Can we suck air through through a falcon and then into the compressor inlet?

We are trying to cool a falcon motor, and don’t want to constantly blow air into it as out compressor would then never turn off and we would never be able to store pressure before the match. We are wondering if we can essentially suck air through the motor to cool it and then send that air into the compressor to then go to the rest of the robot. IF this isn’t advised, then we will probably just switch to using a solenoid to send air when the motor gets over a certain temp.

The intended use case is to plumb the exhaust port from your manifold into your motors. This way, air is pushed through whenever you actuate a pneumatic device.

I would go with the solenoid option. I’m not sure there are any compressors with an intake you could even hook up to, but even if there was you 1) don’t want to run pre-heated air into your compressor as that will make your compressor run even hotter which is bad for the lifespan of the compressor, and 2) you will have much less flow on the intake vs using air compressed to 60 psi. You may be able to plumb the exhaust of your cylinder control solenoids to vent through your falcons to save some air that way.


So we do have a compressor that has an intake. I believe it is the viair 92c. Are you saying the air would be preheated cause it goes through the motor ? because if it is constantly getting room temp air into the motor, will it even get hot? We are going to do some tests tomorrow.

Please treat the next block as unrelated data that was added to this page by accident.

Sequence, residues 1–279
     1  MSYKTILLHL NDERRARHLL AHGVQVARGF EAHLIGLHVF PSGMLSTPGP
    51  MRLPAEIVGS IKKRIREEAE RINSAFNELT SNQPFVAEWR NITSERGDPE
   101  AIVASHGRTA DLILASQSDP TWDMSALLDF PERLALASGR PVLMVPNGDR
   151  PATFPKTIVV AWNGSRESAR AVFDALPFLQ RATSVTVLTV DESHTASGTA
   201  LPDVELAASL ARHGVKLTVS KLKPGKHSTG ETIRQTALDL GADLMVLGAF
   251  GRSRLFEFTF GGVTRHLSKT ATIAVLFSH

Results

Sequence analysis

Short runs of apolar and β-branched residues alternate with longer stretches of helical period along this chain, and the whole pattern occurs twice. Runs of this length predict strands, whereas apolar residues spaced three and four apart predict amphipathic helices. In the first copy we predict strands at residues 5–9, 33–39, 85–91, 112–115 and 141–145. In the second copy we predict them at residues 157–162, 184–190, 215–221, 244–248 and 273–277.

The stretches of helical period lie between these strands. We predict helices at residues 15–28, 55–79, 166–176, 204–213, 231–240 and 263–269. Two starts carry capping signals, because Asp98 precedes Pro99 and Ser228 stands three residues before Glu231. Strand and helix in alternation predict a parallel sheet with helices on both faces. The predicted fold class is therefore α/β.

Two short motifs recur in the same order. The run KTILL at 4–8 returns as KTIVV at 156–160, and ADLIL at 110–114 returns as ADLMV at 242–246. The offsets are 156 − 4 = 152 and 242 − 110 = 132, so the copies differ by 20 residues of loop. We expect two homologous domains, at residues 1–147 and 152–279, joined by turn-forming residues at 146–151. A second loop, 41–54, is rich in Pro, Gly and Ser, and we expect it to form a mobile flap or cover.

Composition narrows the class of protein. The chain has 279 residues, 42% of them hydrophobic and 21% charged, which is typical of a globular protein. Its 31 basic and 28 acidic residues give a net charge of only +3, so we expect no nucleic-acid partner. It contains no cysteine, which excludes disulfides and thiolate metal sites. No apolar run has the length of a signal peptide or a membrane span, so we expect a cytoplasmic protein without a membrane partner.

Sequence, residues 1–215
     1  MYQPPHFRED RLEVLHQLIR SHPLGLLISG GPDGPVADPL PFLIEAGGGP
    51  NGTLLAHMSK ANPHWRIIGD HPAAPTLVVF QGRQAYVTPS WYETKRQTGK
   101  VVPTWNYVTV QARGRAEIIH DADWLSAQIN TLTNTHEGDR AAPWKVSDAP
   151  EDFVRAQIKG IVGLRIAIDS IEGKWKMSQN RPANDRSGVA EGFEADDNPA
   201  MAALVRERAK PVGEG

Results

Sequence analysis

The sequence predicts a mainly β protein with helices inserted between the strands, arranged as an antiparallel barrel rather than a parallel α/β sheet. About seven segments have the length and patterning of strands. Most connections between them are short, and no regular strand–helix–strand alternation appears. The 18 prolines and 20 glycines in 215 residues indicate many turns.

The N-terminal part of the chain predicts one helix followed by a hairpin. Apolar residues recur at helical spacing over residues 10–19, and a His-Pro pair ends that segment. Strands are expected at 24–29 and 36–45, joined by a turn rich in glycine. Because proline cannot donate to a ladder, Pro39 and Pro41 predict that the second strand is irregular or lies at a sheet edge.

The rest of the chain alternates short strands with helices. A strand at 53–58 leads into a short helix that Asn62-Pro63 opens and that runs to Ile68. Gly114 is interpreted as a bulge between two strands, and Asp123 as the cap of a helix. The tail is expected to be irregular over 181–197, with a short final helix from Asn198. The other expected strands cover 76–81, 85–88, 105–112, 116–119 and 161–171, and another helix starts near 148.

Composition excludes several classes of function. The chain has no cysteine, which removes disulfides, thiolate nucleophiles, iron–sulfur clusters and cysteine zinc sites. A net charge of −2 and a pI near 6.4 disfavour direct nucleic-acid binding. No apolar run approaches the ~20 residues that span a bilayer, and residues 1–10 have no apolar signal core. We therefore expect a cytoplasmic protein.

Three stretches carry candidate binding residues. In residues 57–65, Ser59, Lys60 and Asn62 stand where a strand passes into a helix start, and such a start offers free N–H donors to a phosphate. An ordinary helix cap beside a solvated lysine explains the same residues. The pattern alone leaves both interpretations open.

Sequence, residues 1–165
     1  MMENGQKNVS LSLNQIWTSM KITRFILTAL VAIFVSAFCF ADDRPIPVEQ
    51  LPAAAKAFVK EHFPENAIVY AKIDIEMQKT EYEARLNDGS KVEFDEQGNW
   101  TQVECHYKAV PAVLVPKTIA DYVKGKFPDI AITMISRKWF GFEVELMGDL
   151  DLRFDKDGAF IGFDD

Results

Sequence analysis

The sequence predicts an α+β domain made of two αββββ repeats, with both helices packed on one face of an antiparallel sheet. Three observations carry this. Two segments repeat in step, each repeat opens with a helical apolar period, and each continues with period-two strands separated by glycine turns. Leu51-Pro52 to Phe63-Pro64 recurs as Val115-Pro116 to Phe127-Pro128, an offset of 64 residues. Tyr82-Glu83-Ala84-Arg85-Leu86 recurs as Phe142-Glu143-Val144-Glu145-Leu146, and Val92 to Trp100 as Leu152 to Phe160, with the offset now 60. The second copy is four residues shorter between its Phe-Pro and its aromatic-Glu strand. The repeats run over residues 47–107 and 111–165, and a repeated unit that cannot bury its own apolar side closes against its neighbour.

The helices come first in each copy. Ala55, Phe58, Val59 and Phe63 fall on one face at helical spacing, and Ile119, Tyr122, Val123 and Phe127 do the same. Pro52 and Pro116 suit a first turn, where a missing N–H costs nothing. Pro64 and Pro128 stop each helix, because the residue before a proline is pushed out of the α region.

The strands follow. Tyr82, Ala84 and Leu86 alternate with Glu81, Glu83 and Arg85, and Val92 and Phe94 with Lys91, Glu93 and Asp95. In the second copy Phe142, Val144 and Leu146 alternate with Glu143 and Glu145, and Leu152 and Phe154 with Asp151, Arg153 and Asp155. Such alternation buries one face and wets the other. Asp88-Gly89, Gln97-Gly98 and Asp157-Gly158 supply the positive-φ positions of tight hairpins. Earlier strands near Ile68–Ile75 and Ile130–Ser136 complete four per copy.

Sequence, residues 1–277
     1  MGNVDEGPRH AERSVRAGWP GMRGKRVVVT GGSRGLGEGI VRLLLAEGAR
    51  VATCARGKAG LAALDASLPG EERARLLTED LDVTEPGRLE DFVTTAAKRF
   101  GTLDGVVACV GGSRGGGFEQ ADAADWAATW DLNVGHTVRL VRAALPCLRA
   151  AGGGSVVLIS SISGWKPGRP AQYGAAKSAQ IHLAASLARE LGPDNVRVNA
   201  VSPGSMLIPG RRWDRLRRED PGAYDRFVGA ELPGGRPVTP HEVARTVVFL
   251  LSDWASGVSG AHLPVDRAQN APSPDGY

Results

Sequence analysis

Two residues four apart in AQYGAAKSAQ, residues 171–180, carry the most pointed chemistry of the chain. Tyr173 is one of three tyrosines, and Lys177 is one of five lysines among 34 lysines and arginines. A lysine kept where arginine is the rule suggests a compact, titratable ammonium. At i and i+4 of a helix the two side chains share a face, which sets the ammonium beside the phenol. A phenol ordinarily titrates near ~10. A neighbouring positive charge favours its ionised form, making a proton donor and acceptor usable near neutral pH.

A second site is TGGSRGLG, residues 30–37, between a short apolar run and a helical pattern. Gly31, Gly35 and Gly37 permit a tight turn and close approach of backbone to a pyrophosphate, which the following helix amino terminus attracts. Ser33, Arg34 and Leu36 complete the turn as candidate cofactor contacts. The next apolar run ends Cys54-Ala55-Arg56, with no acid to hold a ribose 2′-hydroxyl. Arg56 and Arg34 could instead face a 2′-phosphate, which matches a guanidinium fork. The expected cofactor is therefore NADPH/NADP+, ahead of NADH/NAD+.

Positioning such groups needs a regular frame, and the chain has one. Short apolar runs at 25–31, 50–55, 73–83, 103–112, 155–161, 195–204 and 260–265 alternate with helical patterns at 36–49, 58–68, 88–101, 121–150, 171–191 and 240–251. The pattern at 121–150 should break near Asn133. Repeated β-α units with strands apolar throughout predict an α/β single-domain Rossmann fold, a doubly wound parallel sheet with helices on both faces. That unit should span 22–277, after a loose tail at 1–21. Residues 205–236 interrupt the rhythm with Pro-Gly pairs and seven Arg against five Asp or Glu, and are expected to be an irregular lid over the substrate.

Yes, that’s what Zach’s saying, at least to my understanding. The motor would still get hot as the compressor isn’t constantly running. Also, even if the motor didn’t get hot, it would still be adding heat to the air that went through the motor, making the compressor hotter. Room temp air heated, even a little, by a motor will be hotter than room temp air not heated. Those compressors do get very hot already.


Yup, basically what Eliot said. Even if you had enough cooling to keep the motor at room temperature, that means the heat is going into the air instead, and then into your compressor. And you will not have enough flow from that compressor to keep even one motor under moderate use at room temperature.
Some napkin math: Consider a moderate use Falcon pulling 20A @ 12V. According to the published data, this motor would be running about 5900 RPM with 0.34 NM of torque. That is 240 W input power and 210 W output power, so you need to remove the remaining 30W of heat to maintain a given temperature. If you want to keep the temperature at 44 C at a room temp of 20 C, regular air with a heat capacity of 700 J per kg per degree C and a max flow rate of 1.03 CFM can only remove about 9 W in the best case. And almost all of the assumptions made here work against you, lowering the amount of heat removed: the flow rate decreases as the compressor builds pressure, the extra restriction on the input flow will further decrease flow rate, the compressor is only rated for a 9% duty cycle and regardless will not be running at all times, and it is unlikely the air will actually achieve the full temperature delta in the short time it is in contact with the motor.